Love Heals: Holding A Partner’s Hand Reduces Pain, Study Finds

Is there anything more powerful than love? A new study finds that holding the hand of an ailing partner can cause the pain they feel to decrease  Is love on its own powerful enough to heal someone’s pain? A new study that when a man holds the hand of his ailing female partner, their heart and respiratory rates sync and the pain she feels weakens.

Love is powerful. Prior research has proven how it affects our minds and bodies: we subconsciously follow the same stride  of a loved one’s  footsteps when walking; and when we are simply in a loved one’s  presence, our heart, lung and brainwave patterns sync up. Is there any other force strong enough to do that?

Now researchers at the University of Colorado, Boulder discovered that contact between two lovers can relieve one’s agony.

“The more empathic the partner and the stronger the analgesic effect, the higher the synchronization between the two when they are touching,” says lead author Pavel Goldstein, a postdoctoral pain researcher, in a university news release.

The study is the most recent in “interpersonal synchronization” research, the concept that we begin to physiologically mirror the people we’re with – such as the theory that we adjust our posture to mirror a friend we’re talking to. This concept is important for the development of social behavior.

It is also the first study to explore interpersonal synchronization through pain and touch.

What was the spark behind this brilliant exploration of pain and touch? It was Goldstein’s experience of witnessing the birth of his daughter, who is now four.

“My wife was in pain, and all I could think was, ‘What can I do to help her?’ I reached for her hand and it seemed to help,” he reminisces. “I wanted to test it out in the lab: Can one really decrease pain with touch, and if so, how?”

Goldstein gathered 22 long-term heterosexual couples, ages 23 to 32, and observed them through a series of tests that replicated that delivery-room picture.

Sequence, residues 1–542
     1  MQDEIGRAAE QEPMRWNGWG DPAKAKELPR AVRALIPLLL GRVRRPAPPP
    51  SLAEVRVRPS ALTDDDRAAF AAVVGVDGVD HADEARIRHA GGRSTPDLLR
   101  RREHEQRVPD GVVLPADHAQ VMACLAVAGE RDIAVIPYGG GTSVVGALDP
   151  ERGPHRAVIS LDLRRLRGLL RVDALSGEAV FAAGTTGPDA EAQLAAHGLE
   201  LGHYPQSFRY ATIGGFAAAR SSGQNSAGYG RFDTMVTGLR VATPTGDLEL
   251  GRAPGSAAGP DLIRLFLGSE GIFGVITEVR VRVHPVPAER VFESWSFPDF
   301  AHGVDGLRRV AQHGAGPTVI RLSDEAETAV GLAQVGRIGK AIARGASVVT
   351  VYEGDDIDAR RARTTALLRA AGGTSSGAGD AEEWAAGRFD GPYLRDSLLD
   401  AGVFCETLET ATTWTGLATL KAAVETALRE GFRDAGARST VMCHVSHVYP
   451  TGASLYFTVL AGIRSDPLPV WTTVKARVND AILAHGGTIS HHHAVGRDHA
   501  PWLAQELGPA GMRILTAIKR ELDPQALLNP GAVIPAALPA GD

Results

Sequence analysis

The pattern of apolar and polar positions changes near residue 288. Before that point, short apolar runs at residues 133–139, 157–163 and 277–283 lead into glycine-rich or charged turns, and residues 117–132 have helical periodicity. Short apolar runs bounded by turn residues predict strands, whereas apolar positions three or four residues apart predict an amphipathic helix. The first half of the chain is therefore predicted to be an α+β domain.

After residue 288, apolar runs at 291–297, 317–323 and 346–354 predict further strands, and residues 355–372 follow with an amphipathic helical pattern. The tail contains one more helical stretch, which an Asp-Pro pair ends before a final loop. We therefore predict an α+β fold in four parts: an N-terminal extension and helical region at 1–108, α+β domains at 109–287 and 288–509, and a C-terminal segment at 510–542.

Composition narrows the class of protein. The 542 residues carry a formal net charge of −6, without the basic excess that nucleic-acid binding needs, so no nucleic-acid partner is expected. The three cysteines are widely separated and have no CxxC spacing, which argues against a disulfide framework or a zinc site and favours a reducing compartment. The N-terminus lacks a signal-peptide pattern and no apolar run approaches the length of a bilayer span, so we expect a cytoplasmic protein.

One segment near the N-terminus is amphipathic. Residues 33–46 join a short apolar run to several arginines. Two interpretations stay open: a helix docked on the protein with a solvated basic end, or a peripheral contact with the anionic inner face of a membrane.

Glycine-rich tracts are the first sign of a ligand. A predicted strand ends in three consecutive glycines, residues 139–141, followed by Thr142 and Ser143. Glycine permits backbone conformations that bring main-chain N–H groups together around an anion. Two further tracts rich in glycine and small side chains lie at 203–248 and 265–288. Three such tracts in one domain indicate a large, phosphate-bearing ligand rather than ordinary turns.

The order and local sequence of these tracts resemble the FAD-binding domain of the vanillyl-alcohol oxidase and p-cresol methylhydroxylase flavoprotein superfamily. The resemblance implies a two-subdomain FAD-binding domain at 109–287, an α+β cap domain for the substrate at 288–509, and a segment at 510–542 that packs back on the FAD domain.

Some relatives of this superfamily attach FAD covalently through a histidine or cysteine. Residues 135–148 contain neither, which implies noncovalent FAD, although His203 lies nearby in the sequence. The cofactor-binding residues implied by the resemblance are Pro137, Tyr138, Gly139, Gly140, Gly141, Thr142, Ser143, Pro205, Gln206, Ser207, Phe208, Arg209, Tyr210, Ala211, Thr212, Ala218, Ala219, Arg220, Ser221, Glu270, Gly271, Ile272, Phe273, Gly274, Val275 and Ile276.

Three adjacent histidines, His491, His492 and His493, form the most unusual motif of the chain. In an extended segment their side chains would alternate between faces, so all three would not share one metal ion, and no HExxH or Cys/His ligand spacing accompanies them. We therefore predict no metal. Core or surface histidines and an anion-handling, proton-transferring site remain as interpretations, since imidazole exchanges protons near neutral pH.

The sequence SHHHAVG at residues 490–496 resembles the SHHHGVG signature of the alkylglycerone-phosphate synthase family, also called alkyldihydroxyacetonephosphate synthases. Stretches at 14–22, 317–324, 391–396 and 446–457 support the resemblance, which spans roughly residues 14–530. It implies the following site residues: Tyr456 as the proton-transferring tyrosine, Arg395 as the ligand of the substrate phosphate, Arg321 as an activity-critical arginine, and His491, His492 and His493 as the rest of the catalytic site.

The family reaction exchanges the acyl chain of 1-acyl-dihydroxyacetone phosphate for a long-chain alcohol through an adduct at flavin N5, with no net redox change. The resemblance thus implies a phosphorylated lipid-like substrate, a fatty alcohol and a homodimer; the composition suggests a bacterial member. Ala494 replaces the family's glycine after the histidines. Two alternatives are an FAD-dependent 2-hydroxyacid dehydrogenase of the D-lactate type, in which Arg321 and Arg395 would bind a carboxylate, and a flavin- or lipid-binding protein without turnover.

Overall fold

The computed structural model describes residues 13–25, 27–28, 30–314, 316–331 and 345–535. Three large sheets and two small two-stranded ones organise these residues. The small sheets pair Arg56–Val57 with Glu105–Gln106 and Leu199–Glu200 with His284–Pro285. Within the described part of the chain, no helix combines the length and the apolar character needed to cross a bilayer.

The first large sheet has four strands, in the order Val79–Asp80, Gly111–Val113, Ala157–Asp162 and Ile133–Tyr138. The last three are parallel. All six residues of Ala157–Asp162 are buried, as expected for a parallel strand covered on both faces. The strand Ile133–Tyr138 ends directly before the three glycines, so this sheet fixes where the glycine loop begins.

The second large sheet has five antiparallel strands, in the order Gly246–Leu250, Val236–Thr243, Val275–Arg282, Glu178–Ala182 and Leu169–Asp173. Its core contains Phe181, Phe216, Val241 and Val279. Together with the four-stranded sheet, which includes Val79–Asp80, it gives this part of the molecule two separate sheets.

Women acted as the pain target while men were the observers of their pain. Their heart and breathing rates were measured in three ways: sitting without touching; sitting while holding hands; or sitting in separate rooms. Then, the couples repeated all three sittings as the women were subjected to a mild heat pain on their forearm for 2 minutes.

As previous studies have told us, couples sync physiologically by simply sitting together (as was observed in this study). But the astonishing finding was that when the woman was in pain and her partner didn’t touch her, their synchronization was disconnected. Their rates fell into sync again and her pain lessened once her partner allowed to hold her hand again.

In Goldstein’s previous research and tests, he found that the more empathy from the man decreased the woman’s pain even more during touch.

The simple, yet powerful finding: Pain destroyed interpersonal synchronization while touch brought it back.

Goldstein supposes that interpersonal synchronization possibly affects a brain region that has been connected with decision-making, social interactions, pain perception and empathy. It’s called the anterior cingulated cortex.

The study authors hope that future research will explore this concept that touch can weaken pain.

“It could be that touch is a tool for communicating empathy, resulting in an analgesic, or pain-killing, effect,” adds Goldstein.

It may sound cliché, but: love conquers all. More affection, less separation.

The study’s findings  were published in June in the journal Scientific Reports.